The myrrhbearing women do not find Christ or Christ’s body in the tomb – the tomb is empty.  By itself it proves nothing – the women assume grave robbers have stolen the corpse of Jesus.

The women are not told to return to the tomb and make it a shrine – there are no relics there.  They are to tell the disciples to find Jesus, but not at the tomb, but rather in Gallilee.  The Apostles are told to go into all the world with the message of the resurrection – they aren’t told that meditating at the tomb of Jesus will make them holy.  They weren’t to turn the resurrection into religion, rather they were to show the world how they were transformed by the news of Christ’s resurrection.  Christ is eternal light not a resuscitated corpse that we can parade about in religious ceremony.  Our goal as Christians is not to make a pilgrimage to the holy sepulcher – we are given no such commandment.  Nor is the goal set annually to Pascha night.  Our goal is to live the resurrection so that everyone will come to embrace Christ our Savior. The myrrhbearing women may have had to go to the tomb to learn of the resurrection, but they are told they’ve come to the wrong place if they are looking for Christ.  He is not at the holy sepulcher, He is Lord of the Sabbath and of the universe.  He is known in the proclamation of the Scriptures and in the eating of the Eucharist.  He is Lord of the Sabbath and the universe.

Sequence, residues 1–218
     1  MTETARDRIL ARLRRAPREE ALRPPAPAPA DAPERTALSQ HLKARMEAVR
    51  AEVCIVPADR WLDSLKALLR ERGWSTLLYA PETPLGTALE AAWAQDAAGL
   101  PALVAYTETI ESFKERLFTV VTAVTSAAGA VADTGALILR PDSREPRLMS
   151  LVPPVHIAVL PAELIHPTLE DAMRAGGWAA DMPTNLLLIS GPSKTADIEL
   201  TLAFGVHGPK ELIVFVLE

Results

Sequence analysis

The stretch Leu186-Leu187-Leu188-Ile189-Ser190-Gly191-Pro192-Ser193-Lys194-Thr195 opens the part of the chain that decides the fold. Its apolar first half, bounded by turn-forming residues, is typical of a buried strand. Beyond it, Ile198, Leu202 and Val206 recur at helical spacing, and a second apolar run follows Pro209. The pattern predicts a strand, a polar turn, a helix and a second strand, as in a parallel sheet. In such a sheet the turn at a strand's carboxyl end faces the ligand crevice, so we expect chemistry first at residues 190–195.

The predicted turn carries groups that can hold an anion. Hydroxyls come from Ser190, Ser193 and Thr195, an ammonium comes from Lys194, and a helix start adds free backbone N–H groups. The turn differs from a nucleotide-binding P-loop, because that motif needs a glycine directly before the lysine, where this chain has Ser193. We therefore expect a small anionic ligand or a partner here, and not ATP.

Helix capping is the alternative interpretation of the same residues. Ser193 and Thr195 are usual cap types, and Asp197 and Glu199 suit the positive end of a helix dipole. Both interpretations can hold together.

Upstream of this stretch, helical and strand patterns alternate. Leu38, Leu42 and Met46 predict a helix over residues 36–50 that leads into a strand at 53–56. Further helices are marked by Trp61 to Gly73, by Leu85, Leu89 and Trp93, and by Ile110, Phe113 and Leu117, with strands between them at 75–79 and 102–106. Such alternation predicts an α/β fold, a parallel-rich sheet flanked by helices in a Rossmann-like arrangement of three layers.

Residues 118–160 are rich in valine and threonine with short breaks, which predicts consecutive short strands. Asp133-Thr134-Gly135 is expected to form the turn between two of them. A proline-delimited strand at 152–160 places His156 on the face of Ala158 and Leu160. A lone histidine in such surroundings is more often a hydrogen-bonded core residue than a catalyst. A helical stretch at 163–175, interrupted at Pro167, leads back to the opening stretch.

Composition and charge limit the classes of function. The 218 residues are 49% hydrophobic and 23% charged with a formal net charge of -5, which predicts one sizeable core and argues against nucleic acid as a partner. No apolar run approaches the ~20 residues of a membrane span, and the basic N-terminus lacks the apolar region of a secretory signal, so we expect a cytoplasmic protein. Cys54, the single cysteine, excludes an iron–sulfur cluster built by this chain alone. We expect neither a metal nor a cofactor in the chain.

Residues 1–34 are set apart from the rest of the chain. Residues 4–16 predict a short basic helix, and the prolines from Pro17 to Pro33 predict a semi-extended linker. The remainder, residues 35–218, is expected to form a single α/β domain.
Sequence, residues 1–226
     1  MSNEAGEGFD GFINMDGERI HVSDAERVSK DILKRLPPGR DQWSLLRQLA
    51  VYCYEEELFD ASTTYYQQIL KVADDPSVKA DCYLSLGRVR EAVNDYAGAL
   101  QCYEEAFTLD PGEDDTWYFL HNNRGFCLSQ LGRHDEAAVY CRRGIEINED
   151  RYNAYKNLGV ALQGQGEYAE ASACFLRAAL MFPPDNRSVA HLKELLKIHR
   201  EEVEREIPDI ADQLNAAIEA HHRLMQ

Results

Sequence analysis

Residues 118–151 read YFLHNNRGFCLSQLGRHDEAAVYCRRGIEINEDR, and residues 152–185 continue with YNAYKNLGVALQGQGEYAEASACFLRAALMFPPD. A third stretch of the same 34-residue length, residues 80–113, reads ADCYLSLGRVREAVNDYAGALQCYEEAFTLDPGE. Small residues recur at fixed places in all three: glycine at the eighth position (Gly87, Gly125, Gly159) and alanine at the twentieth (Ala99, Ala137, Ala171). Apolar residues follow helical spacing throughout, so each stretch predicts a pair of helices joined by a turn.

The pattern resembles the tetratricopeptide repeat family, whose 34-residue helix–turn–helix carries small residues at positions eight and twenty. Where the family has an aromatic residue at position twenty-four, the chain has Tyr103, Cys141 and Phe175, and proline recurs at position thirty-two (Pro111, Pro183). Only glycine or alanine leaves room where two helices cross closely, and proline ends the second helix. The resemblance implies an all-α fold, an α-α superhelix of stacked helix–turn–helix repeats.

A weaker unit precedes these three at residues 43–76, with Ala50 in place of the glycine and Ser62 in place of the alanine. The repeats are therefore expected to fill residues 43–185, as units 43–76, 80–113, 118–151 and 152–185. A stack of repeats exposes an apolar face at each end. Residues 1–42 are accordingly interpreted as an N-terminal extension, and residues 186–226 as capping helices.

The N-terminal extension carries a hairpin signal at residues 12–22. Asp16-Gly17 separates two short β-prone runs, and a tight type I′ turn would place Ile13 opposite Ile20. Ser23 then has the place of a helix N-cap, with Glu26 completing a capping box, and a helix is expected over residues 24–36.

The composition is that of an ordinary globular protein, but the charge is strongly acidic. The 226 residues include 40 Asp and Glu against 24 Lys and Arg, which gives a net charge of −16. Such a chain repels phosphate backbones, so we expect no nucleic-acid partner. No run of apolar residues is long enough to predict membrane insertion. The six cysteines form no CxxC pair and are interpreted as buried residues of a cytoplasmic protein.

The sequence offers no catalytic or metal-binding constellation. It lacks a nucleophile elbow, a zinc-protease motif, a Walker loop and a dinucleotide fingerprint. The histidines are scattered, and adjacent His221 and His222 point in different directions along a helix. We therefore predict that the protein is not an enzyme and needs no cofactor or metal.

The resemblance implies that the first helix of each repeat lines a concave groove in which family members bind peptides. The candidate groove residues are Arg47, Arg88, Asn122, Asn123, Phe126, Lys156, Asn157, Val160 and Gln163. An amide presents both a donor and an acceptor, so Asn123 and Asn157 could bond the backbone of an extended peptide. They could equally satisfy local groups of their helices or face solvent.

Bright Friday (2017)

“Through death You transformed what is mortal, and through burial You transformed what is corruptible; for in a manner befitting God You made incorrupt and immortal the nature which You had assumed, since Your flesh did not see corruption and in a wondrous manner Your soul was not abandoned in hell.” (Pascha Nocturnes)

In the incarnation, God the Son, took on sinful, fallen human flesh.  He transfigures that flesh – transforming what was mortal and corruptible, making even the flesh incorruptible and immortal.

According to Genesis 2 when God created humans, God formed the dust of the earth into a body and then breathed life into that dust.  In the resurrection, God is no longer outside of creation, but has become creation, and from within renews human nature.  God in Christ takes on our fallen human nature, suffers death, and then transforms and transfigures the human nature and the human body which He has taken on in the incarnation.  No longer from the outside does God shape us and give us life, but now from within God transforms His creation.  Not from heaven, but from Hades does God transform us and give us eternal life depriving Hades of holding on to us, and restoring mortal human nature to life – ending humanity’s separation from God.

Christ as God enters into the place of the dead and saves not just souls, but the entirety of what it is to be human including our bodies.